There were several women who came in with their husbands. I call them church couples - middle aged, well-dressed, dignified. Several times the women would poke their husbands and point to one particular model (the brown and teal one) who has a gut and say, "Honey, I didn't know you modelled for her!"
That particular model turned out to be one of the favorites. I think he looked most familiar to people - like their husbands or father or whomever.
Later in the evening a young man came in with his pretty wife. She was full of life and vitality and tried to coax him in to see the drawings. He adamantly refused to go in. I noticed so tried to engage him in conversation while she was looking at the pictures. I asked him why he chose to stay outside. He said he didn't want to see any naked guys. He wasn't like that. He reminded me of a high school football player, acting macho, averting his eyes in the locker room so no one would think he was gay. I encouraged him to take a look and to let me know what he thought, but he was not willing to at all. Too bizarre for him. It is fascinating to me to learn more about people's perceptions and feelings about the human form.
As a counterbalance to the above incident, another man who is somewhat heavyset and middle aged went into the room to see the men. When he came out, he came over to talk to me with tears in his eyes. He thanked me for having the exhibition and said it helped him accept his own body more. It was the first time he'd really been able to look at men's bodies and see what they looked like for real - I think he must have been like the previous guy who was afraid to look in the locker room. He said that seeing real men made him accept his own body all the more. I felt so happy that my art opened that up for him. That's why I do this work. It makes a difference!
After the exhibit, Madelyn Miller, The Travel Lady, came to town and saw a print I made of the Twelve Naked Men and wanted to know more so she contacted me about them. I sent her pictures and more info which she included in an article she wrote for her website. http://www.travellady.com/issues/March05/1281NakedMen.htm is the link if you're interested in seeing it. Madelyn told me they got more hits on the website every day for a while than they'd ever had before - over 100,000/day!! I guess my guys got around!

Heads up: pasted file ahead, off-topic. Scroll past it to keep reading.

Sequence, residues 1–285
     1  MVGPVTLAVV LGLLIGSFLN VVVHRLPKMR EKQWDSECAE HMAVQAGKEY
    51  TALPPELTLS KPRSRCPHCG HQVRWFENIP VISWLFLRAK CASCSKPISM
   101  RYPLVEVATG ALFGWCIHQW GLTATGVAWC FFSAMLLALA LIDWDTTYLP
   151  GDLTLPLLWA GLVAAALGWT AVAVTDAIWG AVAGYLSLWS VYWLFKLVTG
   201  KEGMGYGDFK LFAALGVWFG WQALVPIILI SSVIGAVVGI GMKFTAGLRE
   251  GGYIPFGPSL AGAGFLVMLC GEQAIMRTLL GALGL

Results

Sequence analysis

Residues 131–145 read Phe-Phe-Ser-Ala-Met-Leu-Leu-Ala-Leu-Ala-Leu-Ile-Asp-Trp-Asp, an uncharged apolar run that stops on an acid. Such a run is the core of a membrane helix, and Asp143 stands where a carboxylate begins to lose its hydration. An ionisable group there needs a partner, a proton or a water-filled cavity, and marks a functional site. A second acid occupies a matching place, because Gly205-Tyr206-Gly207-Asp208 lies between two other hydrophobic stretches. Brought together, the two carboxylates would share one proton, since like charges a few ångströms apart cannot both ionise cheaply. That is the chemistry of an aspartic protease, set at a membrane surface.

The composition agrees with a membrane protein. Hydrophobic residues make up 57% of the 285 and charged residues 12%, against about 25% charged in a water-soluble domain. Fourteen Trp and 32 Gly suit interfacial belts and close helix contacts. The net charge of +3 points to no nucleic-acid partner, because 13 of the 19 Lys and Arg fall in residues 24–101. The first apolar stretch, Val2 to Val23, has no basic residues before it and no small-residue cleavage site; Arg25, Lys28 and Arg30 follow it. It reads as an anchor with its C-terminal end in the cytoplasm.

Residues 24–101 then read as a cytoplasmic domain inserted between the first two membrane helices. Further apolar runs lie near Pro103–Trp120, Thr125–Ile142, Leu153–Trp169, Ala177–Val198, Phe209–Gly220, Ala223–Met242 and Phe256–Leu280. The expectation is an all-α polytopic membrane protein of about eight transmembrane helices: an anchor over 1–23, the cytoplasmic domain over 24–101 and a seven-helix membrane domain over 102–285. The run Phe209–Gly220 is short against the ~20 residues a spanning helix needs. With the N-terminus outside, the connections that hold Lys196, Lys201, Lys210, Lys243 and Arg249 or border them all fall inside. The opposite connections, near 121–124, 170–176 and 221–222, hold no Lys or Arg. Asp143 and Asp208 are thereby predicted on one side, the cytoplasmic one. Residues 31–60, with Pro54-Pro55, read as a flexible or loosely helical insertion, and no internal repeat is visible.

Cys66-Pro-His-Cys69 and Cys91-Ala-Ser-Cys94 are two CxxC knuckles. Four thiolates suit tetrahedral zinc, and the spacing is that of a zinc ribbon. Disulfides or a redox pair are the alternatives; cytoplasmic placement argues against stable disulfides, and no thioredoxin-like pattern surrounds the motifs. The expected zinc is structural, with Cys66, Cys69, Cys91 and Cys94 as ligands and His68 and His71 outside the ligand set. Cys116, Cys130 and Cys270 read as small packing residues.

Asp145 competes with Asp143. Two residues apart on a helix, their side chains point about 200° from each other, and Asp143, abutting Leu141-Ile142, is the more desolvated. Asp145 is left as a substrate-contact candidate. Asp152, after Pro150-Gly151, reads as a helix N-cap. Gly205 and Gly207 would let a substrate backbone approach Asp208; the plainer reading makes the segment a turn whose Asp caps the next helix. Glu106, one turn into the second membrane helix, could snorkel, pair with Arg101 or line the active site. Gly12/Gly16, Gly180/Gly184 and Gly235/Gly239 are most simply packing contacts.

There were other examples of people being uncomfortable: the gallery I was showing in sent out a card I designed to announce the show. It's shown here. It has a picture of one of the nudes that can be seen through a "keyhole" - alluding to the voyueristic side of the show. One of the recipients called the gallery, incensed, to tell the gallery owner to take her off the mailing list! What was she thinking, sending a naked man to her mailbox? She didn't have children, but what if she did and her children had seen it???!!!
My response is that nudity is completely natural and it's the fact that we as Americans make it so unnatural that I believe leads to so many of our problems as a country. In Europe, nudity is much more accepted. Sex is perceived as natural and normal. Children and teens see movies with sex and naked people in them much more than movies with violence. Violence is seen as bad and terrible and children are protected from images of violence, not sex. I agree with that. I don't want kids to see violent sex, of course, nor do I believe they should be exposed to images of behavior that is too mature for their comprehension, but simply seeing the nude body is quite another thing. We all have one, for goodness sake! What's the big deal??!!